Life and Futility in Stoppard's "Rosencrantz and Guildenstern are Dead" Analytical Essay

Life and Futility in Stoppard's "Rosencrantz and Guildenstern are Dead"
An analysis of the concepts of life and futility in Tom Stoppard's "Rosencrantz and Guildenstern are Dead".
# 153891 | 0 words | 0 sources | 2009 | US
Published on Jun 11, 2014 in Drama and Theater (American) , Literature (American)

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From the Paper:

"Stoppard separates his modern day characters from the duo in Hamlet through differences in dialect. For example, Rosencrantz addresses the King and Queen in such a manner: "Both your majesties/Might, by the sovereign power you have of us, / Put your dread pleasures into command/Than to entreaty", with which Guildenstern adds:"But we both obey, / and here give up ourselves in the full bent/ To lay our service freely at your feet, /To be commanded."(Shakespeare Iii 27-34). These lines are identical in both plays. However, when all the other characters exeunt, Rosencrantz and Guildenstern return to their normal dialects:
Ros: I want to go home.
Guil: Don't let them confuse you.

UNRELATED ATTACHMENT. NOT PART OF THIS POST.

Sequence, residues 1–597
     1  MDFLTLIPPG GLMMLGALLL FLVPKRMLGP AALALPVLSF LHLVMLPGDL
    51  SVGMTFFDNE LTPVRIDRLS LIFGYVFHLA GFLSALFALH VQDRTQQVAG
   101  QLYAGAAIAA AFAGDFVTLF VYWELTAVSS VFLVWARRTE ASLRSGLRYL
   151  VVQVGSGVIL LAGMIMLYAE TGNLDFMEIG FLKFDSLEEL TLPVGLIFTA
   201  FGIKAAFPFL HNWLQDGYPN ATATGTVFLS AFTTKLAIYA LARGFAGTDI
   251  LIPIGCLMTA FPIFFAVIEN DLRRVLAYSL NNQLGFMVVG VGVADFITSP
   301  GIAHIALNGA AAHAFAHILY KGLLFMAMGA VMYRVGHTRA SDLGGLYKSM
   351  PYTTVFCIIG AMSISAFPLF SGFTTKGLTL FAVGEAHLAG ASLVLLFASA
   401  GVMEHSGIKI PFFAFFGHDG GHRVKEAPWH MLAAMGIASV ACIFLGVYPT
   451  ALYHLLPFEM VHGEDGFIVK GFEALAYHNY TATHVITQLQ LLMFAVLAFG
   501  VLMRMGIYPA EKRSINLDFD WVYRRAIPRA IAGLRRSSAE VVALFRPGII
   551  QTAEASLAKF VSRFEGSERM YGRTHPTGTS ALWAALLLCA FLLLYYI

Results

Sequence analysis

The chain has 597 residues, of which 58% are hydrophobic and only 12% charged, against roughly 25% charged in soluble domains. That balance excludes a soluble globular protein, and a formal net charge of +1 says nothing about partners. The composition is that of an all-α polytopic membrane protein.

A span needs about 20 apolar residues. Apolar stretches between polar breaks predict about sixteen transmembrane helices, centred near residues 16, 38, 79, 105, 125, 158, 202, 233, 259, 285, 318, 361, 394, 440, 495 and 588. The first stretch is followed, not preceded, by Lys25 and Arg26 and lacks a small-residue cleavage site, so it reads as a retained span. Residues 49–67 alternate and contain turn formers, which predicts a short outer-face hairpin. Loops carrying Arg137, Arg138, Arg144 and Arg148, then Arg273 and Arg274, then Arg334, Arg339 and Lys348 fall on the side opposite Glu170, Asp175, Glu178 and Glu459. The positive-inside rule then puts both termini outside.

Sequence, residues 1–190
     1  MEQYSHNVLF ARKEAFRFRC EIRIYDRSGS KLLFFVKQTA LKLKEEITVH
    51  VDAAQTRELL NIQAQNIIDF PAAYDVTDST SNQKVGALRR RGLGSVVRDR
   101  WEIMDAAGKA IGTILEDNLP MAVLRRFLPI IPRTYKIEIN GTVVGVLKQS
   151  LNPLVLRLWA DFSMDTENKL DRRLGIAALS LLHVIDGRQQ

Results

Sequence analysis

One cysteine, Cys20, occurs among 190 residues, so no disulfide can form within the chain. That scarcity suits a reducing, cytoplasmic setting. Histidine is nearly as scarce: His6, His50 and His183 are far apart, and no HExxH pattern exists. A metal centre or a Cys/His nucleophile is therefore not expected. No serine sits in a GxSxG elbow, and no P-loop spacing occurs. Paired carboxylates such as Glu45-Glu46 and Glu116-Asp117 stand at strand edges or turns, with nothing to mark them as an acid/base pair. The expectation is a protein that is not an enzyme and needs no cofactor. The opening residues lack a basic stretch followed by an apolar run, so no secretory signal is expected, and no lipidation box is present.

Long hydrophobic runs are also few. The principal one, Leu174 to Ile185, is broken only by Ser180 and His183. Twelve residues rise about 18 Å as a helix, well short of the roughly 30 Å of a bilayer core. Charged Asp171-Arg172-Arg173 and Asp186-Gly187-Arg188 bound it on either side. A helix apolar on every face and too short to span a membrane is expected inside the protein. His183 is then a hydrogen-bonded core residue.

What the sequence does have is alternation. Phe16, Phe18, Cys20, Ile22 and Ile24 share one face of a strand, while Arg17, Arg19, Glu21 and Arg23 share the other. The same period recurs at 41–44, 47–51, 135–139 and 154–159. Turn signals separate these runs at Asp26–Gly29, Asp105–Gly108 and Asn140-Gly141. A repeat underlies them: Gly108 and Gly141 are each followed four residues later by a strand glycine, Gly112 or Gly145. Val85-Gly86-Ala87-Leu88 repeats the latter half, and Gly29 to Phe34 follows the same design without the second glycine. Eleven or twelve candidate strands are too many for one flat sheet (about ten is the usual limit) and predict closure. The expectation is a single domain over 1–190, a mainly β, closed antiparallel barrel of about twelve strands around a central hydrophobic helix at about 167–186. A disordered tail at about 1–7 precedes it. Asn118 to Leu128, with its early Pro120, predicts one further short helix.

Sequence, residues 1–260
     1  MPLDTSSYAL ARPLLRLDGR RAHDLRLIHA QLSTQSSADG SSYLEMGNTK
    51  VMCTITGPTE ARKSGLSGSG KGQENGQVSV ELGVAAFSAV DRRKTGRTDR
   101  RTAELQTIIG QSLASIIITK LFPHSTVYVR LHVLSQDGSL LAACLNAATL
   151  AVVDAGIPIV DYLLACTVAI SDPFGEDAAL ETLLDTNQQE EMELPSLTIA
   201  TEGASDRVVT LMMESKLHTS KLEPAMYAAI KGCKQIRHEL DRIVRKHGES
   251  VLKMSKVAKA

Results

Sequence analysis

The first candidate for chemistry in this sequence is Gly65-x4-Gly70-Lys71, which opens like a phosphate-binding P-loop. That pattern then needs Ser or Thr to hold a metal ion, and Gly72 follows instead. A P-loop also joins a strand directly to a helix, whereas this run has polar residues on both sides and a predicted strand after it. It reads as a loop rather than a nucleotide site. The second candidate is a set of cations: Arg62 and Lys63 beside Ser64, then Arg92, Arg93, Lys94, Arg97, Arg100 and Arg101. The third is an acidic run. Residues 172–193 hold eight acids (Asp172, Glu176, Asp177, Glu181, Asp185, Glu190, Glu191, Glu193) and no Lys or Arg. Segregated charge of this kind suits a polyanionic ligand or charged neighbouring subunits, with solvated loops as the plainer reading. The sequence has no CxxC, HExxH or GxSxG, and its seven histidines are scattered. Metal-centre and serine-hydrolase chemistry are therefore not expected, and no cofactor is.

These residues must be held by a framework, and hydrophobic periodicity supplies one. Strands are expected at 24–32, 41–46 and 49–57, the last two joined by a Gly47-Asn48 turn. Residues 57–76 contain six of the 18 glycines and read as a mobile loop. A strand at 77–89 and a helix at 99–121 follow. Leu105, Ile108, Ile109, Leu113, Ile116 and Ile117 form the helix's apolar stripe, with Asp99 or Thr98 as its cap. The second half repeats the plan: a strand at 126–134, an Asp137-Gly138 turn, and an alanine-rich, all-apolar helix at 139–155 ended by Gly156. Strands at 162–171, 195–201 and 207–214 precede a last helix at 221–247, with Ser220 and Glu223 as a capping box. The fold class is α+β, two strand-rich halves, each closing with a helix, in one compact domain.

Ros: I'm out of my step here -
Guil: We'll soon be home and high- dry and home-I'll-..." (Stoppard 37-38; Act I). The Shakespearean dialects in Hamlet clearly leave Rosencrantz and Guildenstern very much confused. When they are alone or with the Player and his tragedians, Rosencrantz and Guildenstern are allowed to speak freely. But when scenes from Hamlet occur, they are bound to their original scripts.
"Rosencrantz and Guildenstern's tragic fates leave the fated duo hopeless. The prime example of this is how they are rushed in and out of scenes from Hamlet. The two courtiers devise a plan of how they will outwit Hamlet. But their characters in Shakespeare's play are outwitted, and so Rosencrantz and Guildenstern must be outwitted by Hamlet (Rusinko 419). Rosencrantz and Guildenstern know they have no control over the characters from Hamlet and cannot even attempt to guess at their entrances and exits. Guildenstern states it accurately: " As soon as we make a move they'll come pouring in from every side, shouting obscure instructions, confusing us with ridiculous remarks, messing us about from here to breakfast and getting our names wrong."(Stoppard 85; Act I). In Act III, Rosencrantz and Guildenstern are granted a false sense of hope on the boat to England with Hamlet on board. However when Hamlet escapes and switches the letters, they are faced with the ultimate hopelessness: the duo has no purpose (Rusinko 419)."

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